Bad Girls: The Musical (2009, UK)
OK, OK… like the odd filmed play or opera about prison on DVD, this might not strictly fit the definition of a prison movie. But it’s not so different to many movies that are filmed in studios with disjointed plots, shoddy sets and stagy dialogue.
Filmed at the Garrick Theatre in 2007, this musical is based on the British TV drama series of the same name – and follows some the series’ story lines, it seems. Only Helen Fraser, as Prison Officer Sylvia ‘Body-bag’ Hollamby, appears in the musical in the role she played on TV.
I’m rather glad I haven’t seen the TV series. HM Prison Larkhall is portrayed as little more than a hothouse of sex and corruption and in doing so perpetuates some tired fantasies about women’s prisons. A senior Officer, Jim Fenner (David Burt), describes sex with the inmates as “one of the perks of the job” and regularly has sex with the prison’s erstwhile top dog, Shell Dockley (Nicole Faraday), and rapes a vulnerable new arrival, Rachel Hicks (Emily Aston). One youthful Officer, Justin Mattison (Chris Grearson), is propositioned by two sex-hungry veteran prostitutes and a newly arrived gangster’s wife, Yvonne Atkins (Sally Dexter), who immediately supplants Dockley as queen bee. And the young Wing Governor, Helen Stewart (Laura Rogers), falls for prisoner Nikki Wade (Caroline Head), who has been convicted of murdering a policemen who was raping her girlfriend.
It’s oddly upbeat for the ugly, sordid picture it paints of prison… maybe because it is in a way a celebration of the TV series’ greatest hits, and the drama in any prison series is invariably found in the more unpleasant bits. The old guard, Fenner and Hollamby, undermine the reformist Governor Stewart whenever they can… as does her boss who seeks Fenner out for dirt on her. Stewart, it must be said, does a fair job of adding to the intrigue and undermining her own position through her romantic entanglement with Wade. Then things get even uglier when the newcomer Hicks suicides after being raped by Fenner, and the prisoners stop work, riot and go on a hunger strike.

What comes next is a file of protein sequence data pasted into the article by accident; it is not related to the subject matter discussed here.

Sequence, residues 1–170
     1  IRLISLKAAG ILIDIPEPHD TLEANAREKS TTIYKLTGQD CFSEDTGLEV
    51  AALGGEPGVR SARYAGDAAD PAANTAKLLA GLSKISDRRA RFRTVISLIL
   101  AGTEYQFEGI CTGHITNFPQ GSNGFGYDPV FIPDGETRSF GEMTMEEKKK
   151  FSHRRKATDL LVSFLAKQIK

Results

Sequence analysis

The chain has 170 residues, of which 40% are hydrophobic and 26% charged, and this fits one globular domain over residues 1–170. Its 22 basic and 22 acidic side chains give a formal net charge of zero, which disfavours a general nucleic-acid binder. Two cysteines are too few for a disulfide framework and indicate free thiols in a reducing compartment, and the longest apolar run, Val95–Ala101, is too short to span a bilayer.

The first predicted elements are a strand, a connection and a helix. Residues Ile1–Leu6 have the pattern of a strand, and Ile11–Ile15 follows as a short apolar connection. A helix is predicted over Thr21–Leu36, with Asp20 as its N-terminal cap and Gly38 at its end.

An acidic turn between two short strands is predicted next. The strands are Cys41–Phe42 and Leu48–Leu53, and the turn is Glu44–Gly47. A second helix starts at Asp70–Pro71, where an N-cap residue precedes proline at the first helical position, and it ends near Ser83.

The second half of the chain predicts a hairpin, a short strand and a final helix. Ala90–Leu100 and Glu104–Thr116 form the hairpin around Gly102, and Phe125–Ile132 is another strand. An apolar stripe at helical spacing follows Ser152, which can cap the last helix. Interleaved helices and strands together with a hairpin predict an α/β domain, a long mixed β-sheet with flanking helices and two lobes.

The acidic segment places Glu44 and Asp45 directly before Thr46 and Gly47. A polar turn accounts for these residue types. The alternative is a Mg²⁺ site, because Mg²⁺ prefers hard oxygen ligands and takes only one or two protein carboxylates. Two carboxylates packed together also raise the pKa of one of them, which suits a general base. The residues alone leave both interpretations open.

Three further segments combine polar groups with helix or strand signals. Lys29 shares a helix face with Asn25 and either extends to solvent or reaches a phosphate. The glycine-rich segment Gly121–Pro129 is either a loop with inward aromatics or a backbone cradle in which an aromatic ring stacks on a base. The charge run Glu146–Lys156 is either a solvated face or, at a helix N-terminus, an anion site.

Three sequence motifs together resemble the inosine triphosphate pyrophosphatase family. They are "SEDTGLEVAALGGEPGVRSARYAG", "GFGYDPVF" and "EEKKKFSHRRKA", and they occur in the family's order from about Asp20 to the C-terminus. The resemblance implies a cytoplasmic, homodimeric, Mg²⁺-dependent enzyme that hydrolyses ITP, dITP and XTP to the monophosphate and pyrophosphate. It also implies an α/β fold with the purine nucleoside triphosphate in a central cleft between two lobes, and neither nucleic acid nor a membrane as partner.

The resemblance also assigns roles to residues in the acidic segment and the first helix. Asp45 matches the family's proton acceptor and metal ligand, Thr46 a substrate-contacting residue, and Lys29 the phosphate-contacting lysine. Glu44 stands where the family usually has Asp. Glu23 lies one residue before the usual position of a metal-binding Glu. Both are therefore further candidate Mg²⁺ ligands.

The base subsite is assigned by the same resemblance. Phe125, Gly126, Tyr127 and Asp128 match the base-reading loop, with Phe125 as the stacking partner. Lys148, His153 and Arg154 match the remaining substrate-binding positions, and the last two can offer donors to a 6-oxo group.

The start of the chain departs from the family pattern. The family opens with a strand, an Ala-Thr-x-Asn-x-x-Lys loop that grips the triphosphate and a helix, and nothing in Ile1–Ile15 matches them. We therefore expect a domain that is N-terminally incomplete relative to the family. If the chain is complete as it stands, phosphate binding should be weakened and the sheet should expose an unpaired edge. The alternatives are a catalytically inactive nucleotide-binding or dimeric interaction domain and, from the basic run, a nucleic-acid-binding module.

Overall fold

But forget the dark themes, the show’s producers seem to be saying, tra la la ?, we shall sing lively songs of protection rackets, officers’ dubious ‘jailcraft’, unmet sexual desire, being a ‘slut in a rut’ and having to decide between the personal benefit one gets from a sexual relationship with a sleazy Prison Officer and entrapping and exposing him for the greater good. Tra la ?. “Don’t call me greedy ‘cos these girls are needy,” sings the lecherous Fenner.
To be fair, there is a mix of more reflective moments as well. And I expect that the clash between the campy musical format and those dark themes is intended to be blackly humorous rather than simply incongruous; perhaps you either get it or you don’t.
Posted on August 2nd, 2015 at 8:18 pm. Updated on September 19th, 2015 at 10:45 pm.